Sometimes, you still see bumper stickers around town that say “Don’t have an oil well? Get one!” It’s a reference to a TV advertisement by Eddie Chiles, an old oilfield services guy who got rich and ended up owning a baseball team.
The Austin American-Statesman has highlighted a new trend in our capitol city: drilling a private water well. Not so you have water to drink in case of a zombie apocalypse, or to avoid the secret chemicals the CIA is constantly pumping into the civic water supply to keep us meek and mild, but so you don’t have to pay the high price of city water for your lush landscape.
One Austinite who was mad as hell about high water bills for the green, green grass of home? Texas Attorney General Greg Abbott!
During last year’s drought, Lake Travis plunged to less than 35 percent of capacity — reaching its lowest level in more than four decades — and spurred the Lower Colorado River Authority to cut off water to downstream rice farmers for the first time in its history. The lake was up to 47 percent of capacity last month after heavier than expected winter and spring rains.
Austin remains under Stage 2 watering restrictions that allow watering only once a week.
“Ultimately, (more water wells) leads to a lot less water being pulled out of Lake Travis for irrigation purposes,” Svetlik said.
That’s what Texas Attorney General Greg Abbott said he was thinking when he had Svetlik’s company drill a well at his West Austin home in February.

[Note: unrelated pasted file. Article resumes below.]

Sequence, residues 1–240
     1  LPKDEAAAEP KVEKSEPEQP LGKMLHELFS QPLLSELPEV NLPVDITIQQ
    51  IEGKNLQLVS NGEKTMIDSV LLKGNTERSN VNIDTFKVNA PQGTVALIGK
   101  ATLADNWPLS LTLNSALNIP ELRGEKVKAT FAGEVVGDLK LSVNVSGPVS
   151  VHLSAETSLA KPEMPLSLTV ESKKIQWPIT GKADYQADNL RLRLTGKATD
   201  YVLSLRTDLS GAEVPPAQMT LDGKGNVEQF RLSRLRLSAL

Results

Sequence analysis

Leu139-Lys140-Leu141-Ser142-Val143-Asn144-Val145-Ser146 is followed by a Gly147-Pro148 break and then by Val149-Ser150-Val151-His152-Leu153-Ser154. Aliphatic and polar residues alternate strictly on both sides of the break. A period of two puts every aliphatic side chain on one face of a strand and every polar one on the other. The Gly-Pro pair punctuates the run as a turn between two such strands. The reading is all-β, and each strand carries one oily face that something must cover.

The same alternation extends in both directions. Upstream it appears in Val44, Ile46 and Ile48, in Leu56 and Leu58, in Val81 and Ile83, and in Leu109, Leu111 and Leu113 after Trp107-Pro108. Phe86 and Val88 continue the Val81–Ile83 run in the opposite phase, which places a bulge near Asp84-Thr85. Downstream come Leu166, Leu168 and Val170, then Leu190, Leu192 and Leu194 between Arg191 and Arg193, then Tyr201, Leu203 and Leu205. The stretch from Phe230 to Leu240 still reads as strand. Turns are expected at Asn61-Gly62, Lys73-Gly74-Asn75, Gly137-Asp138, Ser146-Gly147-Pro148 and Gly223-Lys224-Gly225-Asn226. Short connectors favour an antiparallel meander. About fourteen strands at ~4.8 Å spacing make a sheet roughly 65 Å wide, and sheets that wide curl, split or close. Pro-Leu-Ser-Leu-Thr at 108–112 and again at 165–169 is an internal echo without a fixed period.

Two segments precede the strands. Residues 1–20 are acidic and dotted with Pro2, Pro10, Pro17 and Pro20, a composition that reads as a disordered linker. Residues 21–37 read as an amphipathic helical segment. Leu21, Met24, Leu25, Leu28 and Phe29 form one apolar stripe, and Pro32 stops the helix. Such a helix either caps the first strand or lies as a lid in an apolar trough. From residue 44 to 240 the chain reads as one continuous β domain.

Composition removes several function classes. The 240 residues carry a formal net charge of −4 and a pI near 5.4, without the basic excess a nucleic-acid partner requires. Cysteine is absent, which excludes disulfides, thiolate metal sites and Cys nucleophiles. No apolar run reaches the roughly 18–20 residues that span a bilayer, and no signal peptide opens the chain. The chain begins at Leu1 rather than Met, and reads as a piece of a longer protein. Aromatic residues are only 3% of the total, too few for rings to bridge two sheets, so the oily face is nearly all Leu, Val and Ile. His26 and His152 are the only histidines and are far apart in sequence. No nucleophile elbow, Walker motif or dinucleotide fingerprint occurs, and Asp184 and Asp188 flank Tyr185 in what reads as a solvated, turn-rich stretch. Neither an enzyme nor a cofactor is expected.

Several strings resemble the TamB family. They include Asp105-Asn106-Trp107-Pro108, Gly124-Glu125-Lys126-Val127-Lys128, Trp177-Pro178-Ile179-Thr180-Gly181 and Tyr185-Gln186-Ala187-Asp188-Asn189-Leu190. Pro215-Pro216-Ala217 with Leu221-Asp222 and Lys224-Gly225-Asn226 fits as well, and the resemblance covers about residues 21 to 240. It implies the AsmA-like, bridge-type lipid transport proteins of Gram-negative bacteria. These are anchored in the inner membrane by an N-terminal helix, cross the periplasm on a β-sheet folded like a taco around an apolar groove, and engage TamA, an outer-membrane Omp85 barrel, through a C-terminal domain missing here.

Abbott said it didn’t make sense to pour treated drinking water on the ground, and like most homeowners, he was tired of seeing his water bill soar every summer. He expects to see it drop dramatically this year.
“It just makes sense that opposed to using water from Lake Travis to water our lawn, it would be a lot better to use water from under our property,” he said. “It’s a natural resource that has existed for a long, long time, that people quite literally haven’t tapped into.”
Note how Abbott (and presumably others) are attempting to frame this as a responsible thing to do, almost good for the environment.
You know what’s good for the environment? Xeriscaping, Mr. Attorney General. Actual water conservation.
Abbott is an attorney. He knows how difficult it will be for regulations to catch up with reality on the water front. The western United States are all struggling to stay wet while coping with antiquated water rights that do not serve the society we’ve become, and though it used to be easy to sit here in damp, tropical Houston and feel smug about it, last summer’s drought demonstrates that Texas, like California, Colorado, Nevada, and the rest of our western cousins, is in for a rough future on the water rights front.
Screw shared sacrifice. At least some people will have lovely lawns while we duke it out.